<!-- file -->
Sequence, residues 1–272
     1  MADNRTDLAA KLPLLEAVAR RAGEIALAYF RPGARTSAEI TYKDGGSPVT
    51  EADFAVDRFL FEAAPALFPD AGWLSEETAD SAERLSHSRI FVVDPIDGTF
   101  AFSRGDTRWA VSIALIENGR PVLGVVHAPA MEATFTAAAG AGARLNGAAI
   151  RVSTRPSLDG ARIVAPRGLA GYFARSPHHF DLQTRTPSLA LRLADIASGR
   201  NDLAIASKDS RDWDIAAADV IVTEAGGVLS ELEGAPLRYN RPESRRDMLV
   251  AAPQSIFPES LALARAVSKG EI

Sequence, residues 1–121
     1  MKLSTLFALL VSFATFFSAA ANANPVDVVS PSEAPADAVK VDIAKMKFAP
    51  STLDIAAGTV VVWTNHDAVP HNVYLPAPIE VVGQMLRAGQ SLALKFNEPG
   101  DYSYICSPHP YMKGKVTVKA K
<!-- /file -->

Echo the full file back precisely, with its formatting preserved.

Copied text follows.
Sequence, residues 1–272
     1  MADNRTDLAA KLPLLEAVAR RAGEIALAYF RPGARTSAEI TYKDGGSPVT
    51  EADFAVDRFL FEAAPALFPD AGWLSEETAD SAERLSHSRI FVVDPIDGTF
   101  AFSRGDTRWA VSIALIENGR PVLGVVHAPA MEATFTAAAG AGARLNGAAI
   151  RVSTRPSLDG ARIVAPRGLA GYFARSPHHF DLQTRTPSLA LRLADIASGR
   201  NDLAIASKDS RDWDIAAADV IVTEAGGVLS ELEGAPLRYN RPESRRDMLV
   251  AAPQSIFPES LALARAVSKG EI

Sequence, residues 1–121
     1  MKLSTLFALL VSFATFFSAA ANANPVDVVS PSEAPADAVK VDIAKMKFAP
    51  STLDIAAGTV VVWTNHDAVP HNVYLPAPIE VVGQMLRAGQ SLALKFNEPG
   101  DYSYICSPHP YMKGKVTVKA K